16. Girlsseason 1 was one of my favorites of last year, and in some ways, the second season was better. The complicated, almost certainly self-destructive relationship between Hannah and Adam felt richer (and led to a thrilling climax to what had been a dark last few episodes of the season), supporting characters like Ray got more to do, the show had fun at its own expense with Donald Glover’s brief guest stint, and it gave us one of the year’s most fascinating — and incredibly polarizing, even by the already-polarizing standards of “Girls” (the only show I cover where the existence of the coverage itself has become controversial) — episodes in “One Man’s Trash.” Ultimately, the season probably worked better as a collection of individual episodes than as a whole, since several of the big character arcs at the end of the season felt underfed in the middle, but the parts were really, really good.

17. Shamelessis another pay cable series that had its best season this year. The show became more overtly a drama than ever before, particularly during the arc where the kids were thrown back into the foster care system and Fiona had to step up to take custody of them all, and Emmy Rossum shone even more brightly as a result. The writers also finally found a good balance with William H. Macy as Frank, who was absolutely despicable when required, but actually funny when asked. “Shameless” tends to get overlooked because it airs early in the calendar year and because it doesn’t have the prestige (or awards luck) of many of its cable compatriots (including ones on its own network), but it’s a pleasure to watch each year, and I look forward to its return next month.

video platformvideo managementvideo solutionsvideo player

18. You know what a tough year it’s been for both scripted TV overall and for new series when I can’t find a higher position than 18th for a show that had as strong a debut season as The Americans.” The FX drama about a pair of deep-cover KGB spies (Keri Russell and Matthew Rhys, both perfect) living as a married couple in early ‘80s Washington functioned simultaneously as an espionage thriller and a very pointed take on the compromises that have to be made in actual marriages. Throw in tremendous supporting turns from Noah Emmerich and Margo Martindale and a spectacular array of wigs, and you’ve got one of the best freshman years an FX show has ever had.

19. I got the entire eight-episode first season of Broadchurchduring a particularly busy stretch of the year, watched the first two and felt that it was a competent, and at times intriguing, long-form police procedural but not special enough to devote more time to right then. Friends who had watched the whole thing urged me to trust them and watch til the end, and I would understand why. They were right. “Broadchurch,” like the structurally-similar “Top of the Lake,” is the sort of drama that becomes more powerful the longer it goes, as you begin to learn about the people of the town and the many secrets they hide, all of it leading to the devastating revelation of the killer’s identity. David Tennant and Olivia Colman were amazing throughout as the cops reluctantly working together on the case, and the ending worked me over like I was a speedbag.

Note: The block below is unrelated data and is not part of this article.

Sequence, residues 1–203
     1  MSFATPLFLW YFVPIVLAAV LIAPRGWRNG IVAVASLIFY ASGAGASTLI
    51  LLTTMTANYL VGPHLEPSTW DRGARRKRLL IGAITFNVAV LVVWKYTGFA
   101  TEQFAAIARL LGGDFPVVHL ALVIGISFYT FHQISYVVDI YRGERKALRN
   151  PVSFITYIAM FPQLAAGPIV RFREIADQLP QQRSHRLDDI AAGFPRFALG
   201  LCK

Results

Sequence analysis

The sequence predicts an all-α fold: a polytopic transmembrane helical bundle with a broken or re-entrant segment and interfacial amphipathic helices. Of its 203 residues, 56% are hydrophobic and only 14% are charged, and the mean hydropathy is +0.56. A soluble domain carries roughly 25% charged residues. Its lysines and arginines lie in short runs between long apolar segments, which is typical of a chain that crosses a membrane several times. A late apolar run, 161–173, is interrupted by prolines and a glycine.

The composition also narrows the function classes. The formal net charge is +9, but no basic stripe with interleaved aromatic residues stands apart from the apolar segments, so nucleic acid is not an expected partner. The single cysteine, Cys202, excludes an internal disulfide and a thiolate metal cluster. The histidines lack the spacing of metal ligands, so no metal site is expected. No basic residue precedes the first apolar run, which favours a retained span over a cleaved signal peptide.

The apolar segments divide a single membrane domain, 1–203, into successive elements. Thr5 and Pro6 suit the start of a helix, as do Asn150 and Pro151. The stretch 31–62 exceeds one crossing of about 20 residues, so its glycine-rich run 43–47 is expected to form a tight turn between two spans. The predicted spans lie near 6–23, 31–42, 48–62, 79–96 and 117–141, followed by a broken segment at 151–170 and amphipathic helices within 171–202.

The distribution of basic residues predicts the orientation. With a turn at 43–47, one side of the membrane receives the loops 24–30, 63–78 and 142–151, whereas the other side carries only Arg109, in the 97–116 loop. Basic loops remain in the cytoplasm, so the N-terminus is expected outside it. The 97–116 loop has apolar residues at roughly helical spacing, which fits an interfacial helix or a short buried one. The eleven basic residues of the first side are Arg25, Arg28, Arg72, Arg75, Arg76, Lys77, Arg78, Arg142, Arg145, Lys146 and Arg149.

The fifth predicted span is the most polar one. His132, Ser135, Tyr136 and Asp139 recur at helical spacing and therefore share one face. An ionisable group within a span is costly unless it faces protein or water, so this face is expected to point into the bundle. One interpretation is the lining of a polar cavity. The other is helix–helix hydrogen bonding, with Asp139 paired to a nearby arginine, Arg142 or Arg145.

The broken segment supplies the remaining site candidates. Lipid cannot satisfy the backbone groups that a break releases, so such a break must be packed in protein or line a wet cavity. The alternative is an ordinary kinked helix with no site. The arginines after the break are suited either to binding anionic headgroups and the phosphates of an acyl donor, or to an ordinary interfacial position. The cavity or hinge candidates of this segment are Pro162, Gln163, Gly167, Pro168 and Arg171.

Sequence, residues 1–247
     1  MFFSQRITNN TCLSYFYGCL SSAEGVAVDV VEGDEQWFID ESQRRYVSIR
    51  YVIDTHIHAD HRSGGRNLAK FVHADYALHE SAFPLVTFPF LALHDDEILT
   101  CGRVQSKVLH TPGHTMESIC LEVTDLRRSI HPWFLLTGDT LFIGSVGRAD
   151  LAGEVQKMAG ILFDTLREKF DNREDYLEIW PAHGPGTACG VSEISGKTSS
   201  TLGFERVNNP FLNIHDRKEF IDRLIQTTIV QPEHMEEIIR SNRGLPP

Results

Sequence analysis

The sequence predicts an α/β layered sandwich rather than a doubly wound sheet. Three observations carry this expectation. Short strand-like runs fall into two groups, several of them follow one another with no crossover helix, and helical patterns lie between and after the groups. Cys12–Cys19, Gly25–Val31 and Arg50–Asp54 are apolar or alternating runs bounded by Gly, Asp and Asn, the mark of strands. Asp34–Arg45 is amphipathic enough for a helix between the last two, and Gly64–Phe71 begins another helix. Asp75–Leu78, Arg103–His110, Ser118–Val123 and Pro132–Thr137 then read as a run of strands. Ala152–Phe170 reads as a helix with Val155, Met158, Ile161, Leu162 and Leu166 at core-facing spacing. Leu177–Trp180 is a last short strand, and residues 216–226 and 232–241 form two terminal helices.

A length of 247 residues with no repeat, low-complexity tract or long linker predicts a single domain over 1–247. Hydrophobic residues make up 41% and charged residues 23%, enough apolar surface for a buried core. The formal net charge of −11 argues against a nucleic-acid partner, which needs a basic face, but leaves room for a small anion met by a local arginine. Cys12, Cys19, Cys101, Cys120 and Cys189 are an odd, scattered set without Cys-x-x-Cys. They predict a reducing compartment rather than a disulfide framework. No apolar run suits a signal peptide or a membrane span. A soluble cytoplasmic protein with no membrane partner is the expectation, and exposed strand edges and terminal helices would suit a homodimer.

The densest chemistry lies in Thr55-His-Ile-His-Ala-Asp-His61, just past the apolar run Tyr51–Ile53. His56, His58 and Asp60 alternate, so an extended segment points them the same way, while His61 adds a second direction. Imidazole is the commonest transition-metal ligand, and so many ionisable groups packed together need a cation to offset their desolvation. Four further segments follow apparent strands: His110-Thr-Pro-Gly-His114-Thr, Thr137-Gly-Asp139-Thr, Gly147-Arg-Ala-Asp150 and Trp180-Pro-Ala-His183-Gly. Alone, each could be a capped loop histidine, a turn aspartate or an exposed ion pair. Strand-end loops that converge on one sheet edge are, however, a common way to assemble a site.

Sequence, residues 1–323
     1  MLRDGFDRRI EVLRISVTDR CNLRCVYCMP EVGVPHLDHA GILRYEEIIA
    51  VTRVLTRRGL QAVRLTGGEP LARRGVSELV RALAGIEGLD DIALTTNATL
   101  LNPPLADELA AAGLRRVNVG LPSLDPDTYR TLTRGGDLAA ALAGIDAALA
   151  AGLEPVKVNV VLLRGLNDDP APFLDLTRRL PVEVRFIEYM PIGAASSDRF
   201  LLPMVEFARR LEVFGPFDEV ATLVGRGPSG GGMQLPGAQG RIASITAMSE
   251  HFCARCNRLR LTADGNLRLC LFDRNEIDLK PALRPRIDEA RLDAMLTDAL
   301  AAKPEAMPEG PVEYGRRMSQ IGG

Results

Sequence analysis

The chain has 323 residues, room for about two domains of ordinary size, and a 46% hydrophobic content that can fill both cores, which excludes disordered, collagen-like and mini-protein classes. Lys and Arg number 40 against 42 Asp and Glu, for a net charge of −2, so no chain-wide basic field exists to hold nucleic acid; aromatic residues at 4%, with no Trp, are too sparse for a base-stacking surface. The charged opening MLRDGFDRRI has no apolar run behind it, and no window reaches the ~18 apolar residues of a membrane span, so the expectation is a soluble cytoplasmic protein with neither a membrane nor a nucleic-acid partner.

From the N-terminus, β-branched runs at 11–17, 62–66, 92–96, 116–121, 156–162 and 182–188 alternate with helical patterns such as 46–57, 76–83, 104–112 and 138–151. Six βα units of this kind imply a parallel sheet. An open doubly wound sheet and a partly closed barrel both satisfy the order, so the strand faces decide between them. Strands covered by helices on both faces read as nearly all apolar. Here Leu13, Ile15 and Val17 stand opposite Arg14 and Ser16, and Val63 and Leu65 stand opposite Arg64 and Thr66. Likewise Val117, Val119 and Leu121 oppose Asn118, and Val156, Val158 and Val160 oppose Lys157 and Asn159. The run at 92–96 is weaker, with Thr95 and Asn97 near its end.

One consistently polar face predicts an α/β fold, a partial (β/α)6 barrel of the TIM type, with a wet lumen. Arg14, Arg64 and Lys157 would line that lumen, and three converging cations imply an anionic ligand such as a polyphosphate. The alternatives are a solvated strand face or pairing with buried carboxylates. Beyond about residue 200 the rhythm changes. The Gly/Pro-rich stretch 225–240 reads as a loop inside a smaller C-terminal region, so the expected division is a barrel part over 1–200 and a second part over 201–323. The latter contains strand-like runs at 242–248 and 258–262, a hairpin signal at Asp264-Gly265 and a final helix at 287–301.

20. You may recall that I was in the hospital for a while earlier in the fall, and there was a period of a few days where all the news I was getting from the doctors kept getting worse. I needed desperately to laugh or smile at anything, and nothing seemed to be working. Then I got the screeners for the new season of “Key & Peele,” and for those brief minutes when I was watching the sequel to the East/West bowl game sketch, everything was better. It’s been another strong year for the duo — and for Comedy Central in general, which has a nice batch of sketch comedy series at the moment, each with a distinctive point of view — as they’ve managed to develop a stable of recurring characters without burning (most of) them out, while also doing wonderfully weird original material like the continental breakfast sketch. But if I’m being honest, they’d probably be on the list just for introducing me to the wonders of Fudge.

And, as a bonus, here come five more!
Alan Sepinwall has been reviewing television since the mid-'90s, first for Tony Soprano's hometown paper, The Star-Ledger, and now for HitFix. His new book, "TV (The Book)" about the 100 greatest shows of all time, is available now. He can be reached at sepinwall@hitfix.com